A Tale of Griffins and Half-Bloods

Being a monster is hard enough. Being a monster who needs demigods to help you is even worse. Being a monster who needs help from demigods against other monsters is living hell.
And you thought being human was hard.

(Okay so I'm now realising my huuuuuge mistakes in consistency with the actual books so please bear with me that will be fixed I swear.)


8. We await the judgement of the Immortals. I hope he dies. - Alyx

Chiron exchanged glances with Mr D, who still seemed rather unimpressed. If I wasn’t mistaken, however, I did detect a slight hint of worry somewhere deep within his eyes. My insides twisted. Both of the immortals looked deadly serious. Maybe there was more to the bird’s story than I’d given him credit for.

After a few moments of silence, Chiron looked back at Cinder, who looked rather uncomfortable with his head bowed. The second to last ornament on the shelf behind him was getting dangerously close to the edge, beneath which lay a small pile of broken china.

“We must convene,” he said simply. “For now, Alyx?” He looked toward me.


“Take him to the Apollo cabin, have them finish treating his wounds. Afterwards, take him to the Arena. We need to know the extent of his combat skills so that we may estimate the power of this force.” Chiron said. The centaur rarely gave orders- instead, he would suggest things, and for the most part us campers were happy to oblige. This time I detected a more commanding tone to his voice.

I nodded, turning toward the bird, sheathing my sword. He’d escaped its blade for now. Chiron had evidently decided his information was useful, and would therefore be no cause to kill him.

The centaur and the God had started to make their way out of the room, toward one of the other rooms in the converted barn. “Do try and make sure he doesn’t die though, Alyx. It would be inconvenient if our only source of information on this potential threat were to explode into dust,” Chiron said as they left.

I sighed. There goes that plan.

Cinder carefully turned toward me, the last two ornaments plunging to their death as the griffin’s deadly tail brushed past them with just a little too much force. I winced as they smashed to the ground, before turning to glare at the monster. “Mr D. isn’t in the room anymore, bird. You can change back to a less obtrusive shape,” I told him, turning toward the door. I wasn’t too happy about being stuck on escort duty. I had sword training I could be doing. I stepped outside.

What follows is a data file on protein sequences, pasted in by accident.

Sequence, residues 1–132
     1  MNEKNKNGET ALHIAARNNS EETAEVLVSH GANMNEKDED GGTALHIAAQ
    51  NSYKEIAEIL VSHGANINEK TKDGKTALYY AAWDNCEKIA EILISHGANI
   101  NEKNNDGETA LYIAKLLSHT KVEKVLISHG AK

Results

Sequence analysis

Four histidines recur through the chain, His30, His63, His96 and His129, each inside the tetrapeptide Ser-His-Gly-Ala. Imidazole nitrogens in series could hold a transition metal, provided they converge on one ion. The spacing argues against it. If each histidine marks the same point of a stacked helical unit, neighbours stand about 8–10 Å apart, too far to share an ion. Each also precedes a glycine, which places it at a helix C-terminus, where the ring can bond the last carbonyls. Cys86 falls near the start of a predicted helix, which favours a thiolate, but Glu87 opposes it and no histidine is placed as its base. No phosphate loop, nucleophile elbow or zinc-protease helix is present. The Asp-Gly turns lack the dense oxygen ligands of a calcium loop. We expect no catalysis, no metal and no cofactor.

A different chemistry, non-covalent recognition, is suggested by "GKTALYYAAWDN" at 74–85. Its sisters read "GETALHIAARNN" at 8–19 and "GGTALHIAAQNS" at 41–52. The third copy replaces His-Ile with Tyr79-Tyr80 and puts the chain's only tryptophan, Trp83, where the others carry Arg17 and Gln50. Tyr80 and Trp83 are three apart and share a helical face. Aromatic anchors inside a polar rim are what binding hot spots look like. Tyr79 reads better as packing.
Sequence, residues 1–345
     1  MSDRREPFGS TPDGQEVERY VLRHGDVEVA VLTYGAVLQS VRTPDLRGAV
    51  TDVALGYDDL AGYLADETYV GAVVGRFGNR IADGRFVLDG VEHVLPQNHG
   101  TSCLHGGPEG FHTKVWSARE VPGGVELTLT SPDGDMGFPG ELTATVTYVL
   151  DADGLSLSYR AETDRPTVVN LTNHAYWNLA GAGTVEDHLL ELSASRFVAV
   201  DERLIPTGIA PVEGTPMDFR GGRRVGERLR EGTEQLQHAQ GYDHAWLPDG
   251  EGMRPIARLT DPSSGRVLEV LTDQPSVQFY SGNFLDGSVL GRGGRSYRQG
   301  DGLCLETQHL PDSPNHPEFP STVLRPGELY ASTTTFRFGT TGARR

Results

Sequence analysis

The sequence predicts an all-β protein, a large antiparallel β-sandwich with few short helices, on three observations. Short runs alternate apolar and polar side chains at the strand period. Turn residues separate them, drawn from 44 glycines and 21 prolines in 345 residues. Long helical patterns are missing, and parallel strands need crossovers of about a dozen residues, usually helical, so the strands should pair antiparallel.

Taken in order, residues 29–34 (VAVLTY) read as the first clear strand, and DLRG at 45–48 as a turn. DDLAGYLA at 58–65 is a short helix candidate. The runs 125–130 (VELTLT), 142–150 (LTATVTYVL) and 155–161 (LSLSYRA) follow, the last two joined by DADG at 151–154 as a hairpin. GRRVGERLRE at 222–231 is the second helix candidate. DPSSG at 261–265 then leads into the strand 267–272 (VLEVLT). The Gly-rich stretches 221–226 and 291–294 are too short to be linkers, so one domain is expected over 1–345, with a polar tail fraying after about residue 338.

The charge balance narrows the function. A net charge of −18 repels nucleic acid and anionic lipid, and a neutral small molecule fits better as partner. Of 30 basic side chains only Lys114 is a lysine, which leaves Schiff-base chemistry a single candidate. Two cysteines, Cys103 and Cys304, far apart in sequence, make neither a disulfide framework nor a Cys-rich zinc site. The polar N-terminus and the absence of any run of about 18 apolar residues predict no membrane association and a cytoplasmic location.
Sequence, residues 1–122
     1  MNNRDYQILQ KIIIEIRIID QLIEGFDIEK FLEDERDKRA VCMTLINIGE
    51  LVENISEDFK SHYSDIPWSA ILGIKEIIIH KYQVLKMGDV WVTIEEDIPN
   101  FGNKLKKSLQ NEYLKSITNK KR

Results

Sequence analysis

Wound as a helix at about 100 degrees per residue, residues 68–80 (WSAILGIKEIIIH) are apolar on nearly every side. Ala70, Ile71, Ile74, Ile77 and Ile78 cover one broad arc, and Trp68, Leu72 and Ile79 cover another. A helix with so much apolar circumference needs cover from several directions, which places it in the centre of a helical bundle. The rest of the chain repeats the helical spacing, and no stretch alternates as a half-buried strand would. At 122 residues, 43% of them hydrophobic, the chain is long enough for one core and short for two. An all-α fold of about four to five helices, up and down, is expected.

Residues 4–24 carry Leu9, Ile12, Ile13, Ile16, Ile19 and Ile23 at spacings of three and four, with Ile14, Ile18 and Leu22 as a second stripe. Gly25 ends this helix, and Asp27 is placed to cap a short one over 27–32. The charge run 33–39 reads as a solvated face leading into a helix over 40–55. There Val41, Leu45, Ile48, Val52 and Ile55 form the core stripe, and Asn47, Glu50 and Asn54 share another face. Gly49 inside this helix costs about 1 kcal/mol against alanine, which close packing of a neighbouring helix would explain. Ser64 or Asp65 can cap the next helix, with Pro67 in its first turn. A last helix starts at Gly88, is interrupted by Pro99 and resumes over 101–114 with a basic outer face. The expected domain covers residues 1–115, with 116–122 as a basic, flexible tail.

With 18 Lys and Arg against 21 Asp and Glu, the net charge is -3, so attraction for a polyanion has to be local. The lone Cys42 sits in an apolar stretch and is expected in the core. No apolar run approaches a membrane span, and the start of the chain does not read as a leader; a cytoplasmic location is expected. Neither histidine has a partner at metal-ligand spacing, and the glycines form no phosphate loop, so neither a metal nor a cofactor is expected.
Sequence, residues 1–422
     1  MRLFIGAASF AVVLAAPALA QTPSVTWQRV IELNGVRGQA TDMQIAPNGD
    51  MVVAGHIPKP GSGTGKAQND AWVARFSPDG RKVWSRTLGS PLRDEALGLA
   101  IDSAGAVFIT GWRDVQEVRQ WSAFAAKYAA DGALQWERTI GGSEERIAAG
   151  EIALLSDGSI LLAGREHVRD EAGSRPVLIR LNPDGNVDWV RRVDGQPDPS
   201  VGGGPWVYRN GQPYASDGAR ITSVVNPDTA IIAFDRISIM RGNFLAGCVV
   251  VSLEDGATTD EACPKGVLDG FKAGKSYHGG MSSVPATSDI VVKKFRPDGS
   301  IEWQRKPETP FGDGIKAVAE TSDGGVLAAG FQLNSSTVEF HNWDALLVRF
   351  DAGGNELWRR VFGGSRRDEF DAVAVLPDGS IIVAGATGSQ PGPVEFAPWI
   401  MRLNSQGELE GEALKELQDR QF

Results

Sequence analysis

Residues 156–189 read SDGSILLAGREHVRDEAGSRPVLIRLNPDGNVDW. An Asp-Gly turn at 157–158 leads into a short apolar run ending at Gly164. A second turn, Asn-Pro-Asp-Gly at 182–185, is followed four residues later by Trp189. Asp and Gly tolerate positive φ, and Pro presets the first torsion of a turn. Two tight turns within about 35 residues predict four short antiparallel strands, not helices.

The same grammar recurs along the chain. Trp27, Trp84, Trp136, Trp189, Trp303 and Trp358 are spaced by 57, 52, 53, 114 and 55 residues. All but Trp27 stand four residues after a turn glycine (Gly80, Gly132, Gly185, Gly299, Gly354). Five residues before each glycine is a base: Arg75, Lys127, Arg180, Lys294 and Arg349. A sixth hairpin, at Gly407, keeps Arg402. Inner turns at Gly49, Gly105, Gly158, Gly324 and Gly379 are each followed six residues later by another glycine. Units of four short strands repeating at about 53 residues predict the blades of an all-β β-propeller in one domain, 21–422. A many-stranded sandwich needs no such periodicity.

The griffin limped to catch up with me, back in human shape for the trip across camp. I shot him another glare as I started toward the cabins for good measure. The griffin had been oddly quiet for a few minutes now, not questioning the order to fight in the arena, or the visit to the Apollo cabin.

“No swords this time?”

Damn it. Spoke too soon. “Keeping my sword drawn on you would only make that much easier to stumble and ‘accidentally’ skewer you,” I said. I could feel the eyes of other half-bloods on us as we passed the volleyball courts. I hated being the escort.

He took a rather obvious step away from me, keeping at least three meters between us at all times.

We walked in silence for a little longer, the cabins slowly growing closer. “So you’ve said a number of times that this place was your last resort. Your ‘only hope’ I believe you said at some point.”

“Well not quite my only hope, but close enough, yes.”

“How did you know we wouldn’t just dust you right there and then?”

He was quiet for a moment. “I didn’t,” he muttered quietly, looking to the ground. “But I had no other choice. Every option had the potential to send me to Tartarus. My particular flock… well, we’re not favourites among other griffins and monsters. They try to recruit us over and over again, sure, but our constant refusals have made many bitter. And lone griffins… well, let’s just say if a griffin is alone it’s not for a good reason. If I had stayed away and tried to make do on my own I would bleed to death and end up a pile of dust. If I tried to find some monsters to bunk with, they’d most likely slay me and I’d also end up a pile of dust.” He gave a short laugh. “You lot were my best hope. Funny that, a load of half-bloods were my best choice of allies.”

“… Why are you so scared of Tartarus?”

He stopped in his tracks. I went a couple of steps before stopping as well, turning. He was looking at me, yellow eyes (which were honestly the only part of him that didn’t look human) wide with disbelief. “Are you kidding?” he said, voice matching his expression, “It’s Tartarus. It’s literally the most hellish part of hell that you could ever have the misfortune of winding up in. It’s filled with unfriendly things such as other monsters that I’m pretty sure I just said want to kill me.

“Trust me, demigod, if you ever go to Tartarus you’ll understand why I choose half-bloods over it.”

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